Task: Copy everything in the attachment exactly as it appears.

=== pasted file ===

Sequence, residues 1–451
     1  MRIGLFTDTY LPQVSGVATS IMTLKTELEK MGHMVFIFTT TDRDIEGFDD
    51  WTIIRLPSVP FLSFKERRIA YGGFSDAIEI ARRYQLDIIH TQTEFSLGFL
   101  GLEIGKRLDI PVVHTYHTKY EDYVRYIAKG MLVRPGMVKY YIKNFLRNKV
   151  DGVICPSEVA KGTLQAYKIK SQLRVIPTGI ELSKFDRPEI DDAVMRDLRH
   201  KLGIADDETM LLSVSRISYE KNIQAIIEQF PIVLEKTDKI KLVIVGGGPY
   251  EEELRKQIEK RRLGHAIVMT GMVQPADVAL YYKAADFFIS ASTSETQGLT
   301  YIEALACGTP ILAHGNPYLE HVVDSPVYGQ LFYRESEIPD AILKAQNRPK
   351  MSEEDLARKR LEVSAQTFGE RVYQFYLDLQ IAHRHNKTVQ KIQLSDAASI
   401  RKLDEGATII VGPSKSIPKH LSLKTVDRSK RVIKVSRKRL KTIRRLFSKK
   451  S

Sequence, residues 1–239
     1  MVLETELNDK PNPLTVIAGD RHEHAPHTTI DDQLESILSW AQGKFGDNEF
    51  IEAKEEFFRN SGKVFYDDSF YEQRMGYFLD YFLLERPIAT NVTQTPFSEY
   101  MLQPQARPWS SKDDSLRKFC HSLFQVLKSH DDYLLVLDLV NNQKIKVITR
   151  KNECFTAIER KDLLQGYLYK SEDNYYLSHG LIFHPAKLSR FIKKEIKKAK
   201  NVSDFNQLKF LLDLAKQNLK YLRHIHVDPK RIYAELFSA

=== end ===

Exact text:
Sequence, residues 1–451
     1  MRIGLFTDTY LPQVSGVATS IMTLKTELEK MGHMVFIFTT TDRDIEGFDD
    51  WTIIRLPSVP FLSFKERRIA YGGFSDAIEI ARRYQLDIIH TQTEFSLGFL
   101  GLEIGKRLDI PVVHTYHTKY EDYVRYIAKG MLVRPGMVKY YIKNFLRNKV
   151  DGVICPSEVA KGTLQAYKIK SQLRVIPTGI ELSKFDRPEI DDAVMRDLRH
   201  KLGIADDETM LLSVSRISYE KNIQAIIEQF PIVLEKTDKI KLVIVGGGPY
   251  EEELRKQIEK RRLGHAIVMT GMVQPADVAL YYKAADFFIS ASTSETQGLT
   301  YIEALACGTP ILAHGNPYLE HVVDSPVYGQ LFYRESEIPD AILKAQNRPK
   351  MSEEDLARKR LEVSAQTFGE RVYQFYLDLQ IAHRHNKTVQ KIQLSDAASI
   401  RKLDEGATII VGPSKSIPKH LSLKTVDRSK RVIKVSRKRL KTIRRLFSKK
   451  S

Sequence, residues 1–239
     1  MVLETELNDK PNPLTVIAGD RHEHAPHTTI DDQLESILSW AQGKFGDNEF
    51  IEAKEEFFRN SGKVFYDDSF YEQRMGYFLD YFLLERPIAT NVTQTPFSEY
   101  MLQPQARPWS SKDDSLRKFC HSLFQVLKSH DDYLLVLDLV NNQKIKVITR
   151  KNECFTAIER KDLLQGYLYK SEDNYYLSHG LIFHPAKLSR FIKKEIKKAK
   201  NVSDFNQLKF LLDLAKQNLK YLRHIHVDPK RIYAELFSA